A joint partnership between NHS Lanarkshire’s Community Mental Health Team for older people (CMHT/OP) and the Scottish Fire and Rescue Service, showcased as a Practice Exemplar on the Hub, has been recognised at the National Awards 2019 for Excellence in Mental Health Nursing.
The “Living Well with Dementia” project won the Community Mental Health category at the award ceremony, which was held in November.
The awards recognise the significant contribution that nurses make to mental health services across Scotland, increasingly in the context of the integration of health and social care.
Hazel Boyle (Practice Improvement Nurse) said: “The project began when the fire service in Motherwell requested written advice from us which would be given to the officers who provide home fire safety checks. This was followed up by the team providing training sessions for fire officers at Motherwell Station.”
Discussions between SFRS and CMHT/OP highlighted a need for better communications between services to help ensure that they were aware of the signs which may indicate risk for people living with dementia. When officers have concerns, they are now able to directly discuss or refer the individual to memory nursing staff. This allows staff to check if the person is known to the service, and if so, to assess if a review of the person’s care is required.
“Following training the service is much more streamlined. We can now share information where appropriate and fire officers have the confidence and awareness about what signs and vulnerabilities to look for.”
Following the initial success of the initiative, SFRS now have a care lead person in each of the five localities in Lanarkshire which has helped to embed standard practice. There has also been an increase of 63% home safety checks in the area.
Of course, the main benefit is that risks are reduced in the home and the person can stay at home for longer, while providing reassurance to their families.
The project is now being rolled out across Lanarkshire and Hazel has also been approach by Police Scotland locally who are interested how they might implement the approach.
Brian Byrne (SFRS Station Commander, Prevention and Protection North Lanarkshire) said: “The SFRS are continually looking for ways to establish and develop partnerships and partnership working, in a bid to reduce unintentional harm, and improve the safety and quality of life for communities across Scotland. Working with Hazel and her team was one such opportunity, which has allowed us to increase our knowledge of dementia, be able to identify its signs and risks, and understand the impact it can have on someone living with dementia. It also enabled us to establish referral pathways where it has been identified that someone living with dementia would benefit from a Home Fire Safety Visit and allows SFRS officers the opportunity to refer persons of concern for a memory service assessment.”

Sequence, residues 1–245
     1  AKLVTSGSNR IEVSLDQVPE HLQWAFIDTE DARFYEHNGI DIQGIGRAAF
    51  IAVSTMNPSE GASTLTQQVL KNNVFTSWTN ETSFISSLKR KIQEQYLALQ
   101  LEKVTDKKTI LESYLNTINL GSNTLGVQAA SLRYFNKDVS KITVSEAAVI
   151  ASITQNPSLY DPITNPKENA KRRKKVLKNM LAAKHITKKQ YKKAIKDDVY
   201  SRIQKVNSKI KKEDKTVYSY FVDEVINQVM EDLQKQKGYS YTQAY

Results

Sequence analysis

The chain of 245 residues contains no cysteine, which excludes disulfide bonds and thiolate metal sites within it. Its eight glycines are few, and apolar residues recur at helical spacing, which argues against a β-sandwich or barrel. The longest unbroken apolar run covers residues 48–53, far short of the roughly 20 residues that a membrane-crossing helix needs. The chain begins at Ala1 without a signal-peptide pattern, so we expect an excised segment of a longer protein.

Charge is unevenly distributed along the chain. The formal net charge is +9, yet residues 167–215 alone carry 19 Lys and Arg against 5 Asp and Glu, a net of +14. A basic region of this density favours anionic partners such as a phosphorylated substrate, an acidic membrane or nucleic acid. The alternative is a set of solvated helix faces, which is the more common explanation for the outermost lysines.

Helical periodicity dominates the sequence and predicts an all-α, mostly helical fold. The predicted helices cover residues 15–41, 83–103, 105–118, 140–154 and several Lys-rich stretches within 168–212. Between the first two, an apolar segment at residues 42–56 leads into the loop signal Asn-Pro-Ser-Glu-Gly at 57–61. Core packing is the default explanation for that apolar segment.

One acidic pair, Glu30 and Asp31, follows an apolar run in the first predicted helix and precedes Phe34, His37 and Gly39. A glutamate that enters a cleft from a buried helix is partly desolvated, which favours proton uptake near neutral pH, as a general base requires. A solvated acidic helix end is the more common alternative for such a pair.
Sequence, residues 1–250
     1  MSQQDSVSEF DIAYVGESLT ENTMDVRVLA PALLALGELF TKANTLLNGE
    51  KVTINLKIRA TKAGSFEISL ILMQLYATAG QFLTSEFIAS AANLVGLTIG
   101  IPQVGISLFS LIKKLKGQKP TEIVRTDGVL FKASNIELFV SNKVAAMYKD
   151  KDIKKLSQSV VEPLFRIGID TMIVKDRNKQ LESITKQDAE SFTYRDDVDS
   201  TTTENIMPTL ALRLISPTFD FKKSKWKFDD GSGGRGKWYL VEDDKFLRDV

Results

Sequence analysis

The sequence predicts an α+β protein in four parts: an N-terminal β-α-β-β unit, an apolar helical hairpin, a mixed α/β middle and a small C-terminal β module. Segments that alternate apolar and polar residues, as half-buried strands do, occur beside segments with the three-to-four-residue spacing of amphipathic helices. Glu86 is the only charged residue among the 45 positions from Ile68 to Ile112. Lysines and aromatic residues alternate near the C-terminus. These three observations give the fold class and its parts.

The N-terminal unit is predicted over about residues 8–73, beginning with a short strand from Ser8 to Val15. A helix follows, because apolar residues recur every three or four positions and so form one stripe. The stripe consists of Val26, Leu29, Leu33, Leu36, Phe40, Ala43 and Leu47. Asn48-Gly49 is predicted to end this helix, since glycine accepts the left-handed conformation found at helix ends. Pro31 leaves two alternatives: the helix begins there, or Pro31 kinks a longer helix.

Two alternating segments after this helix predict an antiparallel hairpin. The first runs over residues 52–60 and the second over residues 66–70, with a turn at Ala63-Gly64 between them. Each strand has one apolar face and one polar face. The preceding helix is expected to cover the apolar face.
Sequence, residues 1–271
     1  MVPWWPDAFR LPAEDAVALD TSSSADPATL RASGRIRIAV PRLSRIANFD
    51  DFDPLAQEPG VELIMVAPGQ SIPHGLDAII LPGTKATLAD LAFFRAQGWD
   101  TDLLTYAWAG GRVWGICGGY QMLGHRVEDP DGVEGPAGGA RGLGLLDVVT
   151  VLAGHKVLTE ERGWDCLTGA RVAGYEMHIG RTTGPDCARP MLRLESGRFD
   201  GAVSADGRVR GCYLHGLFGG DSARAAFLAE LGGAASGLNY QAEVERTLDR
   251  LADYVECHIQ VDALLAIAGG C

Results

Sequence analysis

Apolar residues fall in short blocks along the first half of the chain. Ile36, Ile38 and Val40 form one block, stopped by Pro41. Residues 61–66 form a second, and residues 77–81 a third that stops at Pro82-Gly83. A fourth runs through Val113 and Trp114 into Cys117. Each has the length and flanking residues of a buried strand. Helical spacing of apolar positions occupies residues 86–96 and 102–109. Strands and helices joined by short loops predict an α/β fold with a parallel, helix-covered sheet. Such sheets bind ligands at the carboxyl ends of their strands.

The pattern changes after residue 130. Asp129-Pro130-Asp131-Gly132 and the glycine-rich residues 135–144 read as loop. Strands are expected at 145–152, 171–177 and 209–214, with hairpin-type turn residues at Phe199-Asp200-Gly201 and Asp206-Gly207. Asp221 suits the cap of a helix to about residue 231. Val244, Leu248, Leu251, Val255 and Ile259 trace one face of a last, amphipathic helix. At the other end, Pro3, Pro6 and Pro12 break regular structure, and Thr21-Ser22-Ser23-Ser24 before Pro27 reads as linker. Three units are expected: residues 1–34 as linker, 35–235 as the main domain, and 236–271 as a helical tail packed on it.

Hazel concludes: “I would say the most important lessons we have learned is that we can’t do these things in isolation. We have been very fortunate having the support from managers both within our service and SFRS. There is a genuine shared passion for the initiative among partners, and we couldn’t have done it without them.”
Pictured above (left to right): Paul Mathieson (Local Authority Liaison Officer, North Lanarkshire); Collette Walker (Admin officer Motherwell CMHT/OP) Suzanne Gillespie (Staff nurse Motherwell CMHT/OP): Hazel Boyle (Practice Improvement Nurse); Tracy Coyle (Interim Associate Director of Nursing, Mental Health & Learning disabilities NHS Lanarkshire) Brian Byrne (Station Commander – Prevention and Protection, North Lanarkshire).